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The Importance of Strategic Planning By Dr. Al Hearne II

Strategic Planning from a Steward Leader Perspective

Today’s blog is the first in a series that will delve into the importance of strategic planning in all areas of the steward leader’s life. This blog explains the importance of strategic planning and describes a six-step strategic planning process. Future blogs will cover the importance of strategic planning in a steward’s relationship with God, family, career, and ministry.

Steward Theology

Paul’s command to the Romans lays the foundation for the importance of strategic planning in all areas of the steward leader’s life:

I appeal to you therefore, brothers, by the mercies of God, to present your bodies as a living sacrifice, holy and acceptable to God, which is your spiritual worship. Do not be conformed to this world, but be transformed by the renewal of your mind, that by testing you may discern what is the will of God, what is good and acceptable and perfect

Romans 12:1-2, ESV

Through the lens of steward theology, we see that Paul commands believers to surrender to God as a continual living sacrifice. This command to be a living sacrifice encompasses the daily life that we all live, moment by moment, day by day, as time continues marching forward. This surrender is required to discern God’s good, acceptable, and perfect will. Notice that surrender never ends; the steward’s life is to be a continual, living sacrifice.

According to steward theology, everyone must decide how to live daily, either as an owner under the bondage of ownership and control or as God’s steward with freedom in Christ. One’s beliefs regarding ownership determine the difference between living with freedom in Christ or under the bondage of ownership and control. God’s stewards are those who wholeheartedly surrender their lives and follow Jesus; they do not lay claim to anything for personal gain but instead acknowledge all of creation is under God’s sovereignty, striving to align themselves with God’s ultimate intentions for the future. Stewards recognize that God is the owner, receiving full ownership rights, that they are responsible for everything God has entrusted to their purview, and that one day, they will have to give an accounting to God for how they managed their responsibilities (Rodin, 2021).

We’re Not Owners

As God’s stewards, we cannot think like owners; we cannot think, “[fill in the blank] will never happen to me.” Instead, we must prepare ahead of time to fulfill our responsibilities, complete our duties, and give God an accounting of our management.  

Sometimes, life smacks us right in the face, and we find ourselves in the midst of [fill in the blank]. Often, such circumstances happen due to the decisions, or lack thereof, made by others and are beyond our control. As stewards, we cannot be unprepared and think like an owner; [fill in the blank] was not supposed to happen. Instead, we must take on this new scenario and add to our already full plates of responsibilities. Strategic planning is vital in all areas of life so that when [fill in the blank] happens, we are ready to face the new calling that God has squarely placed before us.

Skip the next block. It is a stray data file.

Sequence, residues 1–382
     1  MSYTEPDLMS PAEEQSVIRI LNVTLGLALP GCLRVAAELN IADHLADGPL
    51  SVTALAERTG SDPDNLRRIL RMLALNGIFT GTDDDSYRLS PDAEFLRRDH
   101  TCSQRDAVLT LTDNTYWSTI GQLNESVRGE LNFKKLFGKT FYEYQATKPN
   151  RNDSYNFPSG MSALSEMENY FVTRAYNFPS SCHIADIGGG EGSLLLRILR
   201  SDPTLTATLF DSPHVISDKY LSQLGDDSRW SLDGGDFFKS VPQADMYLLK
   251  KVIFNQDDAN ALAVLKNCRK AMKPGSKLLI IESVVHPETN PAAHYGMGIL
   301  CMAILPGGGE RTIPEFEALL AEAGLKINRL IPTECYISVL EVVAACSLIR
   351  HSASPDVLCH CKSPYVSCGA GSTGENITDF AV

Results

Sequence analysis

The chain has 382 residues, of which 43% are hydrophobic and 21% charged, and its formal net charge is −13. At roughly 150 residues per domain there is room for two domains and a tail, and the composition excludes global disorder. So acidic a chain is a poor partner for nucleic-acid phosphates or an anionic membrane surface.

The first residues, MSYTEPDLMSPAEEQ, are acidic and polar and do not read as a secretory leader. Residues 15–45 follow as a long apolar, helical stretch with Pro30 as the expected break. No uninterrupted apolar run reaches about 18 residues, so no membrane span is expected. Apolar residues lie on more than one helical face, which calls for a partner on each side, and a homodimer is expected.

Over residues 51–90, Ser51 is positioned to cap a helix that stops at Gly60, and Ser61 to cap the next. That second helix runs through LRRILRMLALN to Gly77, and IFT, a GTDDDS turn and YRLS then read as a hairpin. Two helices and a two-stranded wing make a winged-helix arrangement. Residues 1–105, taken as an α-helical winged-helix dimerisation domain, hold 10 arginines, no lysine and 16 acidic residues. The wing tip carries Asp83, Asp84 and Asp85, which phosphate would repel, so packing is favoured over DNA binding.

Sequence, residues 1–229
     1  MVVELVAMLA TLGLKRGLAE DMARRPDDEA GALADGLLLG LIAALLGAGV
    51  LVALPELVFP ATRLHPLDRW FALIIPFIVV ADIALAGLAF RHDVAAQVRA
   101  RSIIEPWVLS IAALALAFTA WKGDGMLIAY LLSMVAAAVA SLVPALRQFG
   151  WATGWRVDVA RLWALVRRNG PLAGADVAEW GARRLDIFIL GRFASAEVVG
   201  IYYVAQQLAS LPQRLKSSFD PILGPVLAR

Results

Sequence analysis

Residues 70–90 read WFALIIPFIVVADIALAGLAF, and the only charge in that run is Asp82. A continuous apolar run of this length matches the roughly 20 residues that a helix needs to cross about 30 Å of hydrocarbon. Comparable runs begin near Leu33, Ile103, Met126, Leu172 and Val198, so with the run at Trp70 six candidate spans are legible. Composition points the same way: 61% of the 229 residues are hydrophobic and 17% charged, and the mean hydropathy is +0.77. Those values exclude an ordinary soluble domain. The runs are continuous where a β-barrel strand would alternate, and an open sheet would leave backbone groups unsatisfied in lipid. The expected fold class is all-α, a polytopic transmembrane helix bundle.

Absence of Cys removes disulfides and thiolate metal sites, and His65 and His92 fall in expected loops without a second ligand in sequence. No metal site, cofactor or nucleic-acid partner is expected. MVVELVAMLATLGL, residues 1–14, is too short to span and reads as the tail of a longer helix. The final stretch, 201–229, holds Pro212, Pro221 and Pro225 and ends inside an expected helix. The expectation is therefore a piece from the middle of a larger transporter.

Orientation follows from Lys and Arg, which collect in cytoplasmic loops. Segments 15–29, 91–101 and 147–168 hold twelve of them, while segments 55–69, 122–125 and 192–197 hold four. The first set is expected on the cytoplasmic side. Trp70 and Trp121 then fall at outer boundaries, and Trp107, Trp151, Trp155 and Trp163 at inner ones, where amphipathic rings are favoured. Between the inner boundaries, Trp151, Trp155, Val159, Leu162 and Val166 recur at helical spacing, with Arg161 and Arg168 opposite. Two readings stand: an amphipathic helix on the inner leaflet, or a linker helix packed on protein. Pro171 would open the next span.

A Broader Perspective

Strategic planning is widely recognized as a vital component to ensure success in all areas of life, yet it rarely receives the time and effort required to provide this success outside of the work world. At its core, strategic planning is about intentionality, the commitment to carrying out an act or actions to create success in the future. It aims to see a successful transition from the present “state of being” to a new “state of being” sometime in the future. It is about honesty and transparency here in the present to help ensure success at some unknown point in the future.  

Planning ensures growth, development, and success within an organization, family, or relationship. It involves identifying and developing long-term strategies and processes and harnessing talents to achieve strategic goals. Strategic planning encompasses a broad scope of responsibilities, aiming to position future success by addressing potential environmental changes, challenges, and opportunities. This planning is essential for ensuring continuity, minimizing disruptions, and maintaining stability over time. Strategic planning is, therefore, a critical practice in all areas of leadership, ensuring the sustainability of everything entrusted to the steward leader’s care. Many leaders neglect strategic planning outside of work due to a lack of understanding of its value to the family and relationships.

God has entrusted stewards with the responsibility to lead their organization, family, and personal relationships. One aspect involves preparing beforehand to act when the unexpected occurs. Another part consists of preparing for future “states of being” before they arrive.  

This process does not have to be complicated and drawn. It just requires intention, transparency, and dedication of time. It is accomplished in six flexible phases and easily adjusted according to the purpose of the strategic plan. 

Phase I. Purpose